Is it feasible to go searching for fairies? Many authorities on the subject say not. Janet Bord, in Fairies- Encounters with Little People, wrote that:
“Very often, people who see fairies come across them suddenly and unexpectedly; certainly they are not thinking about them at the time of the encounter. It may be that a certain detachment of mind may be a prerequisite to having what is clearly some kind of psychic experience, and the lone traveller is well placed to be in a receptive condition.” (p.35)
Seventeenth century antiquary John Aubrey agreed with this modern opinion. He wrote in his Natural History of Wiltshire that:
“indeede it is saide they seldom appeare to any persons who go to seeke for them.”
The fairies choose whether and when to reveal themselves to mortals, appearing and disappearing at will.
In light of these comments, it’s very interesting to note an aspect of supernatural belief from the Scottish Highlands. A very useful charm against fairy magic is the herb called mothan in Gaelic (pearlwort), but for it to be effective it had to be gathered “gun iarraidh” (‘without searching’- literally, ‘without asking’). Another authority on Highland folklore confirms this, recording that another plant used to protect livestock from fairy blight, St John’s Wort, had to be picked whilst repeating the following charm:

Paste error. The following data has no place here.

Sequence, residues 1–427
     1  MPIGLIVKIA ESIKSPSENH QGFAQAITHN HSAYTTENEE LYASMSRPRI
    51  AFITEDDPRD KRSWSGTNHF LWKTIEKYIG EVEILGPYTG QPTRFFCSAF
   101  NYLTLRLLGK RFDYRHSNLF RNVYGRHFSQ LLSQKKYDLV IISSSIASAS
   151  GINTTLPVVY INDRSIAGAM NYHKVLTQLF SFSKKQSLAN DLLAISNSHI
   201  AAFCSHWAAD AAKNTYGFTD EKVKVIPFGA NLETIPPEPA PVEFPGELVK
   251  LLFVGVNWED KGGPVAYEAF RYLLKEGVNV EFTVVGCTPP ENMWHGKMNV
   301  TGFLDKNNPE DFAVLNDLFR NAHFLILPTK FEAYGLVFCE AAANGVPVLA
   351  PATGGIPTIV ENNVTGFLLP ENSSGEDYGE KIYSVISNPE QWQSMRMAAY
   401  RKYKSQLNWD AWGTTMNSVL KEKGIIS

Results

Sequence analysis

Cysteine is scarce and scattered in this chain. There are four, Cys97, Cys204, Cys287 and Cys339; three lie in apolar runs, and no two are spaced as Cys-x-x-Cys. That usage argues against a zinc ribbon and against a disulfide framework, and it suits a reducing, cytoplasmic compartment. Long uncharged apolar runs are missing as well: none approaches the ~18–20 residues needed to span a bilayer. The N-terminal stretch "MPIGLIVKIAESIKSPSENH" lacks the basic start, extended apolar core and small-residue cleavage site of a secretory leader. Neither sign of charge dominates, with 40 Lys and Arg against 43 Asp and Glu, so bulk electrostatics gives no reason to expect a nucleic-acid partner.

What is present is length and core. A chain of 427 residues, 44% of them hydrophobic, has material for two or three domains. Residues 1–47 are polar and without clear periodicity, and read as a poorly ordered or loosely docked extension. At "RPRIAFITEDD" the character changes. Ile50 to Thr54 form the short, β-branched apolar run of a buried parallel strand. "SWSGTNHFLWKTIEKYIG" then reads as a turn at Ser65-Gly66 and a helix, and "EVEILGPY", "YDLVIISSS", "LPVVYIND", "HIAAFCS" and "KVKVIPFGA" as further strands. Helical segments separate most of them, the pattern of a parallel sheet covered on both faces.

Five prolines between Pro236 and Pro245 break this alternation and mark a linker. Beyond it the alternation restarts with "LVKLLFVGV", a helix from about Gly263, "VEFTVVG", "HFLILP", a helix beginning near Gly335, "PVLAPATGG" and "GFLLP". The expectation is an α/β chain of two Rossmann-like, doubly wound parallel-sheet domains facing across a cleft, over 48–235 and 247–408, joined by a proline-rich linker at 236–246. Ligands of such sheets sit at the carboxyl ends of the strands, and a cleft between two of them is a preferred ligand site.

“Unsearched for and unsought/ For luck of sheep I pluck thee.”
Lastly, Cornish fairy writer Enys Tregarthen, in her 1911 story Hunting Fairies, indicates that a human will never find pixie gold by deliberately searching for it. Having failed to locate treasure by watching for pixies digging, her character Carveth throws away his pick axe carelessly. He is told to dig wherever it happens to fall- and by this means he finds a crock of coins.
What can we learn from these scraps of information? As we know very well, the fairies are a secretive and private people who don’t like to be intruded or spied upon. We can’t petition them, praying for them to give us things or to make our wishes come true. They may choose for their own reasons to do this for those they decide to favour, but they aren’t to be begged or imprecated. They are in control, over those whom they help and those to whom they reveal themselves.
It’s all about luck, therefore. Randomness rules. If you hunt them- they’ll elude you; if you take what comes- you may be rewarded.